Trump faced impeachment for saying it's time to 'fight like hell' — when Liz Warren says it, she's praised

Warren's words are the same spoken by President Donald Trump at a rally on January 6, 2021, which were later used by Democrats to call for his impeachment.

Libby Emmons Brooklyn NY

Massachusetts Senator Elizabeth Warren said she's "MADDER than hell" and is "determined to fight like hell" after a draft majority opinion from the Supreme Court indicating the court is poised to overturn the 1974 case Roe v Wade was leaked.

Warren's words echo those spoken by former President Donald Trump at a rally at the Ellipse on January 6, 2021. Democrats later used Trump's words to argue for the Republican president's impeachment.

In February 2021, NPR reported on Trump's remarks, which were used by House managers in a Senate impeachment trial to indicate that Trump was "inciting an insurrection."

"Democrats have pointed to one phrase in particular as they argue that Trump incited those present to march down Pennsylvania Avenue toward the Capitol," NPR wrote.

"We fight like hell," Trump said at the time. "And if you don't fight like hell, you're not going to have a country anymore."

The draft decision from Justice Samuel Alito is not official, though it's been verified. Because a ruling has not yet been released, it's reasonable to state the court is still working on the matter. However, for Warren and many of her colleagues, the time is ripe to protest a branch of government carrying out its duty.

"I am angry," Warren said outside the Court on Wednesday. "Angry and upset and determined."

"I am here because I am angry, and I am here because the United States Congress can change all of this. Angry, but committed," Warren affirmed.

After a heckler interrupted Warren on her commitment to "dismember children," Warren said "We've heard enough from the extremists."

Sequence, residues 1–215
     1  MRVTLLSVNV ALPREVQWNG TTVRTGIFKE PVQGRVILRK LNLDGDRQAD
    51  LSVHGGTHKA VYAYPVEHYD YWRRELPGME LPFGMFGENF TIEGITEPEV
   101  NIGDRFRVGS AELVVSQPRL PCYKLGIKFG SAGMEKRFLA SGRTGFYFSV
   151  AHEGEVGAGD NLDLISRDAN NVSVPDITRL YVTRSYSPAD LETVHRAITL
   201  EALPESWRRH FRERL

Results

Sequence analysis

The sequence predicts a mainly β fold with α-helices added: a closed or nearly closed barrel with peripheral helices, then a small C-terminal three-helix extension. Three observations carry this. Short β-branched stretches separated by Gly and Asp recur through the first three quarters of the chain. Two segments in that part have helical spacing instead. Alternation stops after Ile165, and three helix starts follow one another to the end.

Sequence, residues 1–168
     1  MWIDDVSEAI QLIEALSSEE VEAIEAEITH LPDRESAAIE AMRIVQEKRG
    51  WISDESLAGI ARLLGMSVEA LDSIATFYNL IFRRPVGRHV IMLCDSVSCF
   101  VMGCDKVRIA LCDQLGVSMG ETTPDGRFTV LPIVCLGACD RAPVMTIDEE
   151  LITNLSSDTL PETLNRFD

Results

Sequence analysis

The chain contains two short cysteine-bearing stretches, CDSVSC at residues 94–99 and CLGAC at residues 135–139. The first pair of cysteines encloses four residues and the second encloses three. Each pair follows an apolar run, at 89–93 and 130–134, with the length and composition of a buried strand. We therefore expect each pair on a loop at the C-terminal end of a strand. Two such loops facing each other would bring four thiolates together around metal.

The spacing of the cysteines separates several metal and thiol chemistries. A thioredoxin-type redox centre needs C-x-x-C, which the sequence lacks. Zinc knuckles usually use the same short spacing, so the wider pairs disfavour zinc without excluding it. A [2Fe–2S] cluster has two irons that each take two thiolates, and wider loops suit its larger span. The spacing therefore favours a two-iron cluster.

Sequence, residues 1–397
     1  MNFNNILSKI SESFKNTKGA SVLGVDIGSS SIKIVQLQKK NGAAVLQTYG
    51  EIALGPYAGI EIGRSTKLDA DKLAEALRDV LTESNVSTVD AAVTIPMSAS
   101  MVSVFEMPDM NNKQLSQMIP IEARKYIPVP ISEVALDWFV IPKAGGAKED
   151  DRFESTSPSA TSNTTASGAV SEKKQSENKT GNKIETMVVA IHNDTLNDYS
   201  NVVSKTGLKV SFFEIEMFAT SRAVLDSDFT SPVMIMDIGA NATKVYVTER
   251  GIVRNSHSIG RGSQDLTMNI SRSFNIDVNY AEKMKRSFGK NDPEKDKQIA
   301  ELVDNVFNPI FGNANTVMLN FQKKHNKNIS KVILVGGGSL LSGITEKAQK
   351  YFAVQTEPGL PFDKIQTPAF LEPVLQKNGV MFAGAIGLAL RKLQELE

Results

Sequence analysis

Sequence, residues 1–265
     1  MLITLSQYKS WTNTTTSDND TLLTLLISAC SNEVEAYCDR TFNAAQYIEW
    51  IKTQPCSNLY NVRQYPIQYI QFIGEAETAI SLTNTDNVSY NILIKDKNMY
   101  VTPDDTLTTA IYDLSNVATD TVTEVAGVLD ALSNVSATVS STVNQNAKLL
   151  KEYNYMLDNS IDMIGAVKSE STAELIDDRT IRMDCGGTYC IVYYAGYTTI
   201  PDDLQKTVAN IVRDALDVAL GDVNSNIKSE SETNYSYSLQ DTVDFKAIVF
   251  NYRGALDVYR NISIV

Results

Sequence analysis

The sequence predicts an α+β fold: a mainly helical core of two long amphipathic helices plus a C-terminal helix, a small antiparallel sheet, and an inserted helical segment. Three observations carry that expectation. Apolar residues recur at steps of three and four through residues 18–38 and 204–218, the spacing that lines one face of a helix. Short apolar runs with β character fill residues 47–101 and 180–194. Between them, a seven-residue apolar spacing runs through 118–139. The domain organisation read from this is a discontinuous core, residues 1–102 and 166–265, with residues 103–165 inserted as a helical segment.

The next day, Warren shared an article praising her plans to "fight like hell."

The article quoted her Wednesday speech, in which Warren took issue with conservatives for "plotting, carefully cultivating these Supreme Court justices so they could have a majority on the bench who would accomplish something that the majority of Americans do not want."

"They knew what they were getting when they voted for these people. And this is what they want. It is up to the rest of us to make the legislative process work," she said.

When Justice Brett Kavanaugh — one of the majority represented by Alito's draft opinion — was nominated to the court in 2018, protests against him erupted. More than 300 activists were arrested at those protests, including celebrities like actresses Amy Schumer and Emily Ratajowski, who made their way into the Senate and refused to leave, disrupting Kavanaugh's confirmation vote.

Thousands of protestors swarmed the capitol and refuse to disperse to prevent Congress from going about their duty and voting on Trump's first Supreme Court nominee. Trump successfully appointed two justices to the court, both of whom appear to have voted with Alito in the latest case, Dobbs v. Jackson Women's Health Organization, which could see the removal of federal protections for abortion, when the decision is released.

As Trump spoke in DC at the Ellipse on January 6, 2021, protestors gathered at the Capitol. Trump encouraged peaceful protest of the confirmation of the Electoral College votes for incoming President Joe Biden, saying "I know that everyone here will soon be marching over to the Capitol building to peacefully and patriotically make your voices heard."

Those who protested and attempted to disrupt the vote for Supreme Court Justice Kavanaugh and were arrested received fines of $50 in many cases. Those who protested and attempted to disrupt the vote to certify the Electoral College vote were arrested and many remain still in prison awaiting trial, with fines well in excess of $50.

Warren is praised for her fighting words, while Trump has been denounced as an insurrectionist, though no charges were laid.

There appears to be a distinct double standard in how those who protest the highest branches of government are treated, and it is entirely dependent on where their views fall on the political spectrum. Trump, and his supporters, were roundly decried for their actions, with pundits and politicians alike talking breathlessly about how afraid they were, and the risk to the country.

Warren and her colleagues, along with the actresses and celebrities who joined the fight to prevent Kavanaugh's confirmation, were praised and glorified as fighters for a just cause.

Their methods were the same. But Trump was denounced for it, while Warren was praised.


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